Our ‘Unprotected’ Border

If this video snippet that we shot along Route 9 in New Mexico looks like nothing more to you than an empty highway, look more closely. What you’re seeing is one of our country’s biggest controversies: its “unprotected” southern border.

We shot the video on Monday while driving from Tucson through Arizona and New Mexico into Texas, where we finally stopped for the night east of El Paso. (We’ve since moved on to San Antonio, to be followed by Austin and New Orleans.)

We expected this long drive to be highlighted by our morning stops in the tourist towns of Tombstone and Bisbee, as well as Douglas, all in Arizona. Instead, since we steered off Route 10 to travel along Route 40 and Route 9, we spent most of the day thinking about our country’s immigration controversy. (We traveled the route shown in blue on the map instead of the more conventional route shown in grey.)

Screen Shot 2015-08-18 at 6.55.27 PM

IMG_2707Route 9 straddles the U.S. border with Mexico, which makes it a focal point for the U.S. Border Patrol. It was pretty empty when we traveled it. Minutes might pass before we saw another car. Even though the road is in good condition and its speed limit is 65 miles per hour in most places, it didn’t attract many drivers.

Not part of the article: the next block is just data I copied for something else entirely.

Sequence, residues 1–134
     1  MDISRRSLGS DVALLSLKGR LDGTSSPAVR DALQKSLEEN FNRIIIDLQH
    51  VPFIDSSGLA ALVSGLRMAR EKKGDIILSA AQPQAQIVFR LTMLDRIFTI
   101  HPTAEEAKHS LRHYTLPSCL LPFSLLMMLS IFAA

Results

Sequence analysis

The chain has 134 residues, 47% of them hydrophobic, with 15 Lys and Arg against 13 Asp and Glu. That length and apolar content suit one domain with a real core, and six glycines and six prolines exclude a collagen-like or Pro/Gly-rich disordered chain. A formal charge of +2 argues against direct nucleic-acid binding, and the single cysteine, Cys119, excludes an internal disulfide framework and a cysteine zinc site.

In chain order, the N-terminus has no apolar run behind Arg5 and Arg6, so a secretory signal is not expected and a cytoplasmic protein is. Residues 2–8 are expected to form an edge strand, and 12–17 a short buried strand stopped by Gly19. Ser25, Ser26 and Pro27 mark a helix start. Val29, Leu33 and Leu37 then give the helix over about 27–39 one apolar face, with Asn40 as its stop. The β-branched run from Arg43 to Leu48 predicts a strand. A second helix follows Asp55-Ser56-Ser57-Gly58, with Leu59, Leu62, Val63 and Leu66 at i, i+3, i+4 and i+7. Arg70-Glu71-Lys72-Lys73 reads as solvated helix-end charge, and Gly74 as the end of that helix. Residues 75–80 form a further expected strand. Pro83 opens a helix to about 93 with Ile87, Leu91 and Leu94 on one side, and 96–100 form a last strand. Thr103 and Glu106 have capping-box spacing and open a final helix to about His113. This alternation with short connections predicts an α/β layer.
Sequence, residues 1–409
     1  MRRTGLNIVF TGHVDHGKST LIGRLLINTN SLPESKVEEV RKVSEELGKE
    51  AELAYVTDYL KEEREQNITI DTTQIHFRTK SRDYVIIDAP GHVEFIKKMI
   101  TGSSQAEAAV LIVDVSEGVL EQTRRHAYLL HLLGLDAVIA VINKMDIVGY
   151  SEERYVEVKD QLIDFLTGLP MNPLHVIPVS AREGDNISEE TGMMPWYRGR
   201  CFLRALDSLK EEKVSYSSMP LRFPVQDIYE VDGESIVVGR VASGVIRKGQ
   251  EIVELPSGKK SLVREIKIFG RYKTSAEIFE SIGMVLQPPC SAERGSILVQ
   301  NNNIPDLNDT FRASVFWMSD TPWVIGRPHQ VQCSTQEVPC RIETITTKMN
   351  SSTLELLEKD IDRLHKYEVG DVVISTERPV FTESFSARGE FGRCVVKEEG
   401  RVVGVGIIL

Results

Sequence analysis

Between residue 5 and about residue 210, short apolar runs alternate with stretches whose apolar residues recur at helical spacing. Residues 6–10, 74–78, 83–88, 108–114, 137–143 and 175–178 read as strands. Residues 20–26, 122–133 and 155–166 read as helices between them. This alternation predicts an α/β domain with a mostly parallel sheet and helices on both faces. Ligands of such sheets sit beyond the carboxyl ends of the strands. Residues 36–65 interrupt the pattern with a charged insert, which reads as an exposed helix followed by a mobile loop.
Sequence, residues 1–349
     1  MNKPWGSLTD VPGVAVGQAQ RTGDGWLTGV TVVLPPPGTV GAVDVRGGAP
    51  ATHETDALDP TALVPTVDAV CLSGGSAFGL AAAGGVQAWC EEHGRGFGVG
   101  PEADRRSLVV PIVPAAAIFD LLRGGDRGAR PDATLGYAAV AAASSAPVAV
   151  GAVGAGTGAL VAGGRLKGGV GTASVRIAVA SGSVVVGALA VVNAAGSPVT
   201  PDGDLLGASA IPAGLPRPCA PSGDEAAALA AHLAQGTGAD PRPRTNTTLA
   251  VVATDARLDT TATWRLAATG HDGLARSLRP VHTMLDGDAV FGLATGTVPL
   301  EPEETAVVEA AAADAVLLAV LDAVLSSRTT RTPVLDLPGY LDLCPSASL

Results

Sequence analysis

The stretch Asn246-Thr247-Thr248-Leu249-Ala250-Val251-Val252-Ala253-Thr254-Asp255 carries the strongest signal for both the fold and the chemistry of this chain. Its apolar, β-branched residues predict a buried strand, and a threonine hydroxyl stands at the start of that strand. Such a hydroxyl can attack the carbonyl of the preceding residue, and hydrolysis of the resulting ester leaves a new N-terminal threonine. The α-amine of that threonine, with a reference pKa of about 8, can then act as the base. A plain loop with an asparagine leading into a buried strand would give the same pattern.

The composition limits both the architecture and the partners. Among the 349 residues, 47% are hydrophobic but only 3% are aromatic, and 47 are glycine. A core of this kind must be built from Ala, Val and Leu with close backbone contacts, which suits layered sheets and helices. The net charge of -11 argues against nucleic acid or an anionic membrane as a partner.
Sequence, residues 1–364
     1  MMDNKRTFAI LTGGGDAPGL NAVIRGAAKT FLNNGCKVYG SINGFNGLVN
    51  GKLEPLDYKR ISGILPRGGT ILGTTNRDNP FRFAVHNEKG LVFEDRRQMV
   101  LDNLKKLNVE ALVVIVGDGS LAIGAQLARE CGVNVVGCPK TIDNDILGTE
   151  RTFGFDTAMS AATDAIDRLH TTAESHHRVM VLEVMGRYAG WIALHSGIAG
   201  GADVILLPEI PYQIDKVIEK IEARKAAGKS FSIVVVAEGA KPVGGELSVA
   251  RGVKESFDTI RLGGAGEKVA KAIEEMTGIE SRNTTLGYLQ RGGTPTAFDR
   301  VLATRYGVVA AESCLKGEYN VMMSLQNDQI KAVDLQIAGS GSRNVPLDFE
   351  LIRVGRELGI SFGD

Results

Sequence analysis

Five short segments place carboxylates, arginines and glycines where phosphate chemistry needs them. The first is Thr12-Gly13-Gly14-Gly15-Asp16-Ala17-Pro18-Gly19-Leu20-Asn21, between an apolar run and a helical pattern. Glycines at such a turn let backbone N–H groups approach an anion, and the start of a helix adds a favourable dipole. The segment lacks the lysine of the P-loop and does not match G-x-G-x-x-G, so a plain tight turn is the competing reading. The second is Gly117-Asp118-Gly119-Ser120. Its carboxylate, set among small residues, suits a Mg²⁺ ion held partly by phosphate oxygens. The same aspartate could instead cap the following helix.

IMG_2717What we did see was the Border Patrol, driving on the road, parked along the shoulder or otherwise making its presence felt. Champa and I kept count: along the 227 miles between Douglas and El Paso, we saw the Border Patrol 11 times.

IMG_2727After we entered El Paso, where Mexico’s Ciudad Juarez is so close you can almost look inside people’s homes, we continued to see the Border Patrol. For instance, we stopped at this checkpoint long after we passed through El Paso.

If you do the math, we saw the Border Patrol once every 20 miles or so. Of course, that’s only what we saw from the road. Presumably, there were many more Border Patrol vehicles closer to the border, not to mention aerial surveillance and who knows what else.

Is that a big presence, given the scope of the controversy? I claim no expertise and can’t even venture a guess, much less offer a solution for the complicated politics, ethics and other aspects of the immigration debate. All I know is that for us, two Americans from North Carolina, it was sobering to confront — and to ponder all the lives, resources and controversy represented by this glimpse. As we experienced earlier with Western wildfires and California’s drought,  we came face to face with an issue that had previously been an abstraction. Our road map didn’t list it but, yet again, we found it just the same.

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